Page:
This would never have been expected that the Wizzer that was introduced to the reader earlier. The extent of the contrast strongly suggests to the reader what happened to men in the trenches and how severely they could have been changed. It seemed that even if the men came home physically sound, the horror of the situation left their minds scarred forever.
When in war, Jim describes himself as a ‘dangerous innocent’. He carries a gun, which could kill a man in a second, which makes him dangerous. He does not have the clearest idea of what brought him to war, what he is fighting for, nor why he must kill men he has never set eyes on, which makes him innocent. This strangely innocent situation has been foreshadowed through the title of the novella. ‘Fly away peter’ is a line from a children’s nursery rhyme, a symbol of the upmost innocence.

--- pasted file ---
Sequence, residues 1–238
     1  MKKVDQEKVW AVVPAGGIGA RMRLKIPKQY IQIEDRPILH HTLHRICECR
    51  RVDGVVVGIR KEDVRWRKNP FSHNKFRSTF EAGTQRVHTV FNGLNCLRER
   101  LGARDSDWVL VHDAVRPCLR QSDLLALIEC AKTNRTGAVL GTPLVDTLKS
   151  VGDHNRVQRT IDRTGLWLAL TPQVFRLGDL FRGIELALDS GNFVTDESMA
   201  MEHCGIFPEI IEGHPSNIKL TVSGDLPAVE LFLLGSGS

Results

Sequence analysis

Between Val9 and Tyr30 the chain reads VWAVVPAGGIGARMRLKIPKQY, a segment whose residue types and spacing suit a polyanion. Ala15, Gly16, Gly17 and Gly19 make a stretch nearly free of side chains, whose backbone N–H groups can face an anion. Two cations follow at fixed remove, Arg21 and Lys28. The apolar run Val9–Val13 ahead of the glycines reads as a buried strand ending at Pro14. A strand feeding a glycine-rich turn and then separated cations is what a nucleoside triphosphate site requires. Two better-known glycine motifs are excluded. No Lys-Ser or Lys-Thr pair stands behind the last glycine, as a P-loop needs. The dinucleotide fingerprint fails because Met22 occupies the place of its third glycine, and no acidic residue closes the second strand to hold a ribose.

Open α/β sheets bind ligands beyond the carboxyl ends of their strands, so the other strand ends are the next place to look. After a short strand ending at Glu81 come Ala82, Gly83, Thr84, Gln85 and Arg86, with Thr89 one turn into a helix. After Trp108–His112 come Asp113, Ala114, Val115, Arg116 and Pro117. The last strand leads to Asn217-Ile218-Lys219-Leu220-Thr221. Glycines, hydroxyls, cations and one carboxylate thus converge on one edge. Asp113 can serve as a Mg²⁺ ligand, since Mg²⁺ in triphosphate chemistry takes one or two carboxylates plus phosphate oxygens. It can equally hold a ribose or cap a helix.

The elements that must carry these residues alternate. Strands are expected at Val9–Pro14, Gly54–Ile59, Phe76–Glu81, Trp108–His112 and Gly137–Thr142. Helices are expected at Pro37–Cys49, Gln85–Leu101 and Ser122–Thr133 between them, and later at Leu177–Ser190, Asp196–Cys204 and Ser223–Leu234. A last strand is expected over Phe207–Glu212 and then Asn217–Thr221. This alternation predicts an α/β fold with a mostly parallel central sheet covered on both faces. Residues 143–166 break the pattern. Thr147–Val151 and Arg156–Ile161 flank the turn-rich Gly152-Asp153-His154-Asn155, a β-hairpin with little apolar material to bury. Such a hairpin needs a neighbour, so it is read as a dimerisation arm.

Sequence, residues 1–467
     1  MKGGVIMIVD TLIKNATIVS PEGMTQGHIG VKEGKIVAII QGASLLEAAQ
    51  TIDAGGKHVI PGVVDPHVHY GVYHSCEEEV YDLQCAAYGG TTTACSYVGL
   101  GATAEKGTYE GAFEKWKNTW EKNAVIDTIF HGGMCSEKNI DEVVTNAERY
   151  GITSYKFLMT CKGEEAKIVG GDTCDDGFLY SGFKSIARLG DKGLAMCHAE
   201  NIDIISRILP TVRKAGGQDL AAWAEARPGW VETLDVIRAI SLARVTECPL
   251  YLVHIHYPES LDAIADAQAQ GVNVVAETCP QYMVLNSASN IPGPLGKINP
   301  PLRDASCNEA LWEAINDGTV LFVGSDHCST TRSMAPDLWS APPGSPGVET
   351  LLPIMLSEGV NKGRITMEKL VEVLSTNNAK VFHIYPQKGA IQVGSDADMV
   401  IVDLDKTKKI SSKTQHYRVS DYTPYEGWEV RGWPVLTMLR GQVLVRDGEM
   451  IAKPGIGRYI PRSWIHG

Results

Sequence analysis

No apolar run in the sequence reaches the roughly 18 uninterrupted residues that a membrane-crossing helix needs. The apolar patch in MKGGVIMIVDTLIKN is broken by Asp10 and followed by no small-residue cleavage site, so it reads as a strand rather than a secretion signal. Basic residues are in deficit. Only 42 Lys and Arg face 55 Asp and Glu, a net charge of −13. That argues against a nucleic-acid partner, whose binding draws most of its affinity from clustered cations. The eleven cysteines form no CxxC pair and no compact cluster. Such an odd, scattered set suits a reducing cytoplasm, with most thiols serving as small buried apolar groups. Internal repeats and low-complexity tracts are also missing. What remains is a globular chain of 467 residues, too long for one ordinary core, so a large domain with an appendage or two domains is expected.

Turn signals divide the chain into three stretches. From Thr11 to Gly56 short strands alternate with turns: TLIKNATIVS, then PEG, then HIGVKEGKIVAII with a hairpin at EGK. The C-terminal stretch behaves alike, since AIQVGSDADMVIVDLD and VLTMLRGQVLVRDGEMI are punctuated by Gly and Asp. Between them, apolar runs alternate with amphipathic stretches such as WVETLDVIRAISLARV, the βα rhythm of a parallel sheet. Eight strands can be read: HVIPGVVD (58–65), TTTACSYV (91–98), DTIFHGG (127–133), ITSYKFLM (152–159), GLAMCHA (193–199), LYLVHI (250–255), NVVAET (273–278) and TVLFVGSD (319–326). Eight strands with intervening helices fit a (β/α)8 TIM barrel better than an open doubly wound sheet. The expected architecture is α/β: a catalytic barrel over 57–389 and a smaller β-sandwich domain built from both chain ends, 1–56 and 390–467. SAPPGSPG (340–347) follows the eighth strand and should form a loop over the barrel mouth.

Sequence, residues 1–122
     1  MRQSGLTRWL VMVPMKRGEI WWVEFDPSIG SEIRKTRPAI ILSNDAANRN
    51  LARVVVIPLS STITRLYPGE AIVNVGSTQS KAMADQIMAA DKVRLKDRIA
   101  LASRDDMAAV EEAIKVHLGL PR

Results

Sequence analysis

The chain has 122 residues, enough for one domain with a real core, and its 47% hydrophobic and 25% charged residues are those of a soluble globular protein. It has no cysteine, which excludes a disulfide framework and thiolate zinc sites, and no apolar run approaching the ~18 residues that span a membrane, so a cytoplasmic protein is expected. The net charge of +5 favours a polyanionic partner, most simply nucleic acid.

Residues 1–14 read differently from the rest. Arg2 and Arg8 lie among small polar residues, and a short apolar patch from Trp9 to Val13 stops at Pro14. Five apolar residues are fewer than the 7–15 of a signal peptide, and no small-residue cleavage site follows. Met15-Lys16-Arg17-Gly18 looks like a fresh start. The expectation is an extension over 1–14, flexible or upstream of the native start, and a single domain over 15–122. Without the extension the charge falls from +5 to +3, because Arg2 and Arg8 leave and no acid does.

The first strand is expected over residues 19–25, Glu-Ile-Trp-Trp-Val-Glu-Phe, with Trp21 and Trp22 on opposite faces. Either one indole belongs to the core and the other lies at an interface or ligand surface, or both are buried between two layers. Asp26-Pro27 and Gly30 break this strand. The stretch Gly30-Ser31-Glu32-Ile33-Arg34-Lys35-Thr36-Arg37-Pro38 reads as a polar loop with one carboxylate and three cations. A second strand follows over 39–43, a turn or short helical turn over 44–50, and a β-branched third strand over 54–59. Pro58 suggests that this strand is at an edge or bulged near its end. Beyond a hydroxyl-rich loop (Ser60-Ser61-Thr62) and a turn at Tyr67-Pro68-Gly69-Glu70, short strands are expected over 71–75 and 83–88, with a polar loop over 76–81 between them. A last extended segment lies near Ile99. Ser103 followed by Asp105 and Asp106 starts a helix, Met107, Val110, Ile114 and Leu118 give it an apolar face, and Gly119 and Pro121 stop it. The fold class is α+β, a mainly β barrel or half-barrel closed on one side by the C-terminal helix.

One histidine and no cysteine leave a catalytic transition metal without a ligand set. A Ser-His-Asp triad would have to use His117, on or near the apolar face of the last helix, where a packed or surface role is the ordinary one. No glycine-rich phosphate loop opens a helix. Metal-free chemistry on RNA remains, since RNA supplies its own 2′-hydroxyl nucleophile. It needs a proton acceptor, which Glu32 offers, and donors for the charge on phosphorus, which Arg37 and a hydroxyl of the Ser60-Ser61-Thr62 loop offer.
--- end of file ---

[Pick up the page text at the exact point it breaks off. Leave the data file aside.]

World War One was not Australia’s war. Australia had no arguments with the common enemy, she was not involved in the happenings of Europe, which seemed a world away at that time. Why then, did Australia, a newly developing country, send a sizeable percentage of her male population to fight another’s war? It seems absurd. To the British though, shown though their responses to the Australian army, Australia’s participation seemed obligatory. During the war, British soldiers looked down upon the Australian soldiers. After the war, Australia received very little from the British, despite the amount sacrificed. Surviving Australian soldiers were sent home, with a considerable lack of treatment. The sudden lack of medical resources left many ongoing injuries scantily treated, and many of the mentally wounded were not treated at all, but left to live with the war in their minds forever. Men that left their wives and children to go to war, returned different, changed men. The sudden lack of males (one male to five females after the war) reduced the number of births and because of the lack of skilled women, many fatherless families depended on social security benefits.